Correcting people’s grammar, unsolicited, in a social context, is rude. Right? We can all agree on that.
That said, we can’t help but quietly enjoy the new iOS sticker pack Grammar Snob, which allows users to overlay red-pencil corrections of common grammar, spelling and usage errors onto their iMessage chats.
Corrections for a few particular peeves of ours appear in the set, including lose/loose, couldn’t care less, and properly placed apostrophes.
As much as an editor’s soul might warm to more red-pencil marks everywhere, does the world really need more pedantry? Mashable, Engadget and The Verge snarked that Grammar Snob is “the perfect app for people who are objectively the worst,” “ready to ruin your friendships,” and a way to “make enemies for life,” respectively.
Yes, the power to bring conversation to a screeching halt by boldly and colorfully humiliating your interlocutor’s adherence to standard written English is a mighty one, and it must be wielded with care.
Here are some general guidelines:
DON’T correct your best friend’s spelling of “lose” vs. “loose” when she sends you an emotional text about the death of her beloved pet rabbit.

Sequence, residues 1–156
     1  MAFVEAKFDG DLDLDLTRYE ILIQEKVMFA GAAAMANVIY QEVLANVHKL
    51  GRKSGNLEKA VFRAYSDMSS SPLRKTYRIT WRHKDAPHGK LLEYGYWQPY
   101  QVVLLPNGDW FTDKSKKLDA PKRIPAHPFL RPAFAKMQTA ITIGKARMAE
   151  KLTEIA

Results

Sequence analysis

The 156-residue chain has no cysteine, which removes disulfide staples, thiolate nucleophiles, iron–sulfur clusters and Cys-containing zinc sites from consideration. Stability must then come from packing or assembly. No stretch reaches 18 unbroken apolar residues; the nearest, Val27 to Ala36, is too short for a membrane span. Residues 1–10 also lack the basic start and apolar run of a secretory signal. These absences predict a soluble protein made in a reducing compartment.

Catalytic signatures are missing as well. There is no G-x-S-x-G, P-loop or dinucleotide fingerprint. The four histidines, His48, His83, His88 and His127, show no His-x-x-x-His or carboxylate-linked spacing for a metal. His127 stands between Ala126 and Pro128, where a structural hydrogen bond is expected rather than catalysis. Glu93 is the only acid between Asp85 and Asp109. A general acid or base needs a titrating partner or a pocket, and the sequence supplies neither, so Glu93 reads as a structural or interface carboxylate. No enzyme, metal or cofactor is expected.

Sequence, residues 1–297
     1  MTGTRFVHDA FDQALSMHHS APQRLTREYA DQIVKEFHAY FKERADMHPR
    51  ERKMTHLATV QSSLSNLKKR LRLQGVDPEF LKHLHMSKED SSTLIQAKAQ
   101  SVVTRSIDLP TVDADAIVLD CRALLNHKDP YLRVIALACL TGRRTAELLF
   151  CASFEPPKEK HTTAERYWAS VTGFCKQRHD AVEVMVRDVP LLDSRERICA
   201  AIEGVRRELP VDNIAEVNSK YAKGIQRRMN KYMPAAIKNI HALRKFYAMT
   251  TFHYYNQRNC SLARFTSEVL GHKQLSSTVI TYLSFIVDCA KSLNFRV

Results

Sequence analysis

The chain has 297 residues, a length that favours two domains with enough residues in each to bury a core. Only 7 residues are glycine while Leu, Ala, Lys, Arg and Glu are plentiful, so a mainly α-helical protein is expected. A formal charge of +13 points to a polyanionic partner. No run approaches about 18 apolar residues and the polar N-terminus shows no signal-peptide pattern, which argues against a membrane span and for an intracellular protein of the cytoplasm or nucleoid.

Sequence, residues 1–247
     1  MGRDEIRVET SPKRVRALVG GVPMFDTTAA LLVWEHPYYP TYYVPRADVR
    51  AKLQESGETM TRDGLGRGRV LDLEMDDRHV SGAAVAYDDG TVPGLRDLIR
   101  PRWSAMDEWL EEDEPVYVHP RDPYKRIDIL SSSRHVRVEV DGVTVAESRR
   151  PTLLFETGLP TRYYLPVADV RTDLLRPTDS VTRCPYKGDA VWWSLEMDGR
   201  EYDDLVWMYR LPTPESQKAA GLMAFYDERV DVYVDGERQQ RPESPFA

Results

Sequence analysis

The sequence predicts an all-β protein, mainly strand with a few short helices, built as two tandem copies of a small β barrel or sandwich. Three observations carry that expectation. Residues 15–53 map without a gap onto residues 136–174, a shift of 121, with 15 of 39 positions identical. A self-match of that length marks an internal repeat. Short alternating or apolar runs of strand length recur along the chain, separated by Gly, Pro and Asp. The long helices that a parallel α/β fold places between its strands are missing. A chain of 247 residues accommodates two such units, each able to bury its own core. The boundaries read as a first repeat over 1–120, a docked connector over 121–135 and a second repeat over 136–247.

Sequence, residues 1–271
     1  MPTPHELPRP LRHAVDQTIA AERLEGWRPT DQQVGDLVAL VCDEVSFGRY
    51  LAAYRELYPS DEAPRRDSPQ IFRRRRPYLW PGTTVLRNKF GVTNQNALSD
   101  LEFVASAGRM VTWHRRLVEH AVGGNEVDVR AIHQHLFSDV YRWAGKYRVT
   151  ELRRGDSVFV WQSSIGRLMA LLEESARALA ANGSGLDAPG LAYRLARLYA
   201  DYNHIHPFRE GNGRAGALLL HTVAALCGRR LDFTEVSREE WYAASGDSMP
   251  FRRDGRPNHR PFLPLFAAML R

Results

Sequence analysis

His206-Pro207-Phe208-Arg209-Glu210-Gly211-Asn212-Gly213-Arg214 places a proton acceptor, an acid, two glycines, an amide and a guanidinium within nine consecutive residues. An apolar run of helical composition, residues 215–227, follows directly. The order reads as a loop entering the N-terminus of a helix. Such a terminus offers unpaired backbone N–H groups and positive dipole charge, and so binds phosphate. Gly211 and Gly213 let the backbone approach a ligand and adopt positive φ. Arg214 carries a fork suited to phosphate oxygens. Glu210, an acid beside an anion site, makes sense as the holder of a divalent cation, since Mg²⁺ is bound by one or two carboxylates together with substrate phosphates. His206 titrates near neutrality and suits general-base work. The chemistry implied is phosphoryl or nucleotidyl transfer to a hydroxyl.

DO correct your frenemy’s use of “could care less” when she messages you something callous about the death of your best friend’s rabbit.
DON’T scratch out “expresso” in a second date invitation from a promising suitor, overlaying it with a chilly “espresso.”
DO scratch out “your” in a bitter text from a Tinder match who’d been unsuccessfully angling for a booty call, overlaying it with “you’re.” (”You’re a frigid bitch” is much more grammatically satisfying to read.)
With immense emotional power comes immense responsibility, young texters. Use these Grammar Snob stickers, but don’t use them thoughtlessly ― unless you wish to find yourself without annoying Tinder bros and bosom friends alike.